Uncertainties surrounding the scheme that will govern the UK’s cross-border trading outside the EU will be with us for a while yet, so businesses need to consider building flexibility into their commercial agreements for the foreseeable future.
Will we be in the Customs Union (the Government says, not); in a Customs Union with the EU (whatever that means); or simply working under WTO rules? At the moment, nobody can say. Whatever our post-Brexit relationship with the EU might be, the understandable political imperative for the UK Government is to vaunt the opportunities for the UK to reach ‘Free Trade Agreements’ (FTAs) with non-EU States – agreements by which tariff and other barriers affecting trade are reduced or eliminated. We hear that such opportunities are to be a focal point of the Commonwealth Business Forum in April 2018, for example.
The public rhetoric of those espousing Brexit has of course been dominated by the alignment of ideas of ‘independence’ and ‘freedom’ – a bright new sovereign world outside the EU. ‘Free Trade’ sounds really good, doesn’t it? Moreover, it is implicit in the rhetoric that reaching a FTA is easy to achieve. Simply find two States who think ‘Free Trade’ is the way to go, then just sign on the dotted line and a rosy world beckons. To suggest otherwise is just being negative.
Whilst positivity is undeniably a good thing – not to say, important, as the UK searches out a new future for itself - the reality still needs checking. Businesses cannot manage their affairs by dancing to the tune of political soundbites. A critical eye needs casting over the rhetoric.
Reality check: FTA’s are detailed and hugely complex legal agreements – a bargain between States; a tortuous exercise in ‘give and take’. They involve an investment of an enormous amount of work and take time (invariably, a considerable amount of time) to conclude. Years. This is unsurprising as the bargain reached has to recognise a complex web of international relationships and interests as well as the vast panoply of goods and services being transacted across the borders concerned.
FTA’s tend to be aspirational, not absolute. Trade protection measures will not all disappear at the stroke of a pen. The FTA will simply aim to strike a new balance of tariff and non-tariff barriers to trade (the latter of which will include quotas and regulatory conditions) with the object of opening up markets.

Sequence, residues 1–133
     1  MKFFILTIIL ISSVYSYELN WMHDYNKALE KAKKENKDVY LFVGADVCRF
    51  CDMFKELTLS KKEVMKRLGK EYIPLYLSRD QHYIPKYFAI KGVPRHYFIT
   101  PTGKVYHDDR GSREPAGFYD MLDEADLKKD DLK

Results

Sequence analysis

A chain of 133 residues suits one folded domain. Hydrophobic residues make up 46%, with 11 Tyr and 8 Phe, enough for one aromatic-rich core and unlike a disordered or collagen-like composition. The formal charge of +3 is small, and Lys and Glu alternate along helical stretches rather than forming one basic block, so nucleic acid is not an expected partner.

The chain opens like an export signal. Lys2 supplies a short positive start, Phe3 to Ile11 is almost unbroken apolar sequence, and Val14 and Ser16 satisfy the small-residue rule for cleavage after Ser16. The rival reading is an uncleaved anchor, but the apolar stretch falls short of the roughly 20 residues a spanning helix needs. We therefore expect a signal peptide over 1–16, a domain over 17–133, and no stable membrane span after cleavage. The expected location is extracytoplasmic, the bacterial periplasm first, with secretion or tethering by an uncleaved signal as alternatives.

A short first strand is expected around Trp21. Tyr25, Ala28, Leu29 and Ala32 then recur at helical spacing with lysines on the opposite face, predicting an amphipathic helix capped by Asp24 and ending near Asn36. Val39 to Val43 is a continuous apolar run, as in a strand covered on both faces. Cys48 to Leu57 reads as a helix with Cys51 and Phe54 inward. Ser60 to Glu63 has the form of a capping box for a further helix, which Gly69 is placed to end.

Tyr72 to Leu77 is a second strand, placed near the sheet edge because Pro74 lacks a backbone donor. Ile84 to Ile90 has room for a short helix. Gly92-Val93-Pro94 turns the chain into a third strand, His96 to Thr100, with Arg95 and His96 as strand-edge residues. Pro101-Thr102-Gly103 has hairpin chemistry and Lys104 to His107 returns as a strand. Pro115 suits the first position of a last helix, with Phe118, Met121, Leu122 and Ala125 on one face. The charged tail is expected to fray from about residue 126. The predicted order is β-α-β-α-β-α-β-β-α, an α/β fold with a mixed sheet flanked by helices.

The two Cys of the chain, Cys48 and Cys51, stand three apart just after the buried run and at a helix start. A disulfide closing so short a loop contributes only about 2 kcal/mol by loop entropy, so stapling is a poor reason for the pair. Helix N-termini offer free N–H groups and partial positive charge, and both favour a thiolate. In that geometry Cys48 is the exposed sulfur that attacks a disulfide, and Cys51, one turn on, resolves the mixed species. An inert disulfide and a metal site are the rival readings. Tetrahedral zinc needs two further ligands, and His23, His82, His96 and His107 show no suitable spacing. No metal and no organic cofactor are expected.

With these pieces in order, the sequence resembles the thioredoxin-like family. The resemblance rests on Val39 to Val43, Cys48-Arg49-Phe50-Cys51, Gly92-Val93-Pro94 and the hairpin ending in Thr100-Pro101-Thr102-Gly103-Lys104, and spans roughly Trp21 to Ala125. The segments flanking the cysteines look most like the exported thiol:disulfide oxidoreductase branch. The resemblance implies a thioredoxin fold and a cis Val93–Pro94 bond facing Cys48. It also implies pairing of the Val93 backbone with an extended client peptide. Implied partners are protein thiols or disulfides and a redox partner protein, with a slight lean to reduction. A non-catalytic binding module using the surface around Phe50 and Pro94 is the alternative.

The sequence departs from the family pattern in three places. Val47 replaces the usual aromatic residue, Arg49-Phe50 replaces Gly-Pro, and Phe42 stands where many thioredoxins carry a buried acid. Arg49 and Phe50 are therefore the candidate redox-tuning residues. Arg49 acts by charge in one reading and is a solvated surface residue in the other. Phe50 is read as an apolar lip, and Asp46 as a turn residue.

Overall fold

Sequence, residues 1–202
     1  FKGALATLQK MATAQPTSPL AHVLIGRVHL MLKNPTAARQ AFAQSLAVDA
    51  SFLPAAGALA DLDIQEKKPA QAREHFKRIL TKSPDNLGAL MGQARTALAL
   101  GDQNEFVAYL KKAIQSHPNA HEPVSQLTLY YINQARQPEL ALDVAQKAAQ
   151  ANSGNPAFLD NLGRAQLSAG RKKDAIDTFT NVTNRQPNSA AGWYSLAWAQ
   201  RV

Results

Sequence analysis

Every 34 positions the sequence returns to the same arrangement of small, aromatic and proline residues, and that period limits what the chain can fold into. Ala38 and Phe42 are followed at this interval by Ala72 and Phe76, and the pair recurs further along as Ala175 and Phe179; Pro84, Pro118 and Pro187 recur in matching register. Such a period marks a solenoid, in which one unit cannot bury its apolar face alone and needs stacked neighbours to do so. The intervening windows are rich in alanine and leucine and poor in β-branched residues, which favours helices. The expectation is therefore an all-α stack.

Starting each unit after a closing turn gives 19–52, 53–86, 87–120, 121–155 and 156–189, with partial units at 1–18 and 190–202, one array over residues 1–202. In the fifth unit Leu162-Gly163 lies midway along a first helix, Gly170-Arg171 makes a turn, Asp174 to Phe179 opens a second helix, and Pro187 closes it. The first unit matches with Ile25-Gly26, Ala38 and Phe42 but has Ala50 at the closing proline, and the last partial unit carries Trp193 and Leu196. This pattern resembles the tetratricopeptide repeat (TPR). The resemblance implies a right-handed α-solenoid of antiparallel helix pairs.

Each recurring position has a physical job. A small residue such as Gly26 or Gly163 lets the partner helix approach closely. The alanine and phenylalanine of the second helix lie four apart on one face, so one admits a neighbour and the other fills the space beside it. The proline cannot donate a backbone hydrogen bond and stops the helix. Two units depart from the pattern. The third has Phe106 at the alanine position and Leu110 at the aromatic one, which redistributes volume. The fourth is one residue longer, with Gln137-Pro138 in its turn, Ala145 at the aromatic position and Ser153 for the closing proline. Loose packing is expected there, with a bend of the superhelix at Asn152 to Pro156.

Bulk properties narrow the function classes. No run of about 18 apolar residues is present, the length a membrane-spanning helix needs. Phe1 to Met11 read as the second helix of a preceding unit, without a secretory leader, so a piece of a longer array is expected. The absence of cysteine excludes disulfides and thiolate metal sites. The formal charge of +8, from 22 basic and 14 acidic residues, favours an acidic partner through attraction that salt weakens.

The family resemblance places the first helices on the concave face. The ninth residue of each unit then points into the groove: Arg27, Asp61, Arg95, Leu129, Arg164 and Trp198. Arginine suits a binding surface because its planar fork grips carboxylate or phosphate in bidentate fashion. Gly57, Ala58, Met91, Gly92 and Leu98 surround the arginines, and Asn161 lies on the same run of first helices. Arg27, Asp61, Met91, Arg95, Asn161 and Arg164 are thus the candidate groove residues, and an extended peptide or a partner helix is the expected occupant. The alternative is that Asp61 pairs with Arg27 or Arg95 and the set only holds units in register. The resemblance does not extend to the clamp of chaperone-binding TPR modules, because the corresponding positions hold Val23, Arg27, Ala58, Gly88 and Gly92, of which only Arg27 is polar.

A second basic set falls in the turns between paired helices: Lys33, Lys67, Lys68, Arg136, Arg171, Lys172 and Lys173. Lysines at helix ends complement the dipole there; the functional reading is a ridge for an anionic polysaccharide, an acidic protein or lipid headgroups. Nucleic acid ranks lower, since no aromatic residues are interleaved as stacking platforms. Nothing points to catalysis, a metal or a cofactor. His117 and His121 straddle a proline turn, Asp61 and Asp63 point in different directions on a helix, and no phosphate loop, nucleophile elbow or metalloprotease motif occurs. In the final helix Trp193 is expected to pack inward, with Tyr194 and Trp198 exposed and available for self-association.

Take a rather elementary and obvious illustration: If a product is freed from a tariff, that act might increase the volume of that product passing into a State (fulfilling the intended purpose of the FTA). Unmanaged however, that could damage an economy. In response, amongst other measures, a State may wish to control the increase in imports of the product by introducing a quota – setting the tariff free volume of the product permissible within a set period. In turn, what the value of that quota might be will depend on a wide range of factors. Those factors could include quotas for the import of products of that class which the State has agreed under a trading agreement with another State or trading block.
The application of the law of unintended consequences has to be mitigated as well (it can never be avoided), so in reaching a FTA, the State parties have to examine every sector of their respective economies and the collateral impact of a movement in one tariff or non-tariff barrier on another. Non-tariff barriers can be an especially tricky aspect. The extent of regulatory divergence between States affecting a specific import or export can be highly material to what can be agreed. A State will also want to ensure that there is no ‘dumping’ of products at knock down prices that will damage its own industry producing that type of product. So, measures to prevent this will be included as well.
In short, FTAs are a ‘Rubik’s Cube’ of an exercise. Have a look at the acclaimed agreement reached between Canada and the EU in 2014 for example – 1598 pages of it (868 pages of which describe trade protection measures reserved by the parties).
Where does this take us? Well, like it or not, it is ineluctably the case that sorting out new trading relationships outside the EU will not happen overnight. For business, that means continued uncertainty surrounding the cost and availability of imports and the price of and market for exports – and where there is uncertainty, building flexibility into the terms on which goods and services are bought and sold can be essential, especially around pricing and periods of supply.
Dominic Hopkins is head of Disputes and Litigation at Hewitsons and an Associate Member of the UK Constitutional Law Association. For more information please contact Dominic on 01604 233233 or click here to email Dominic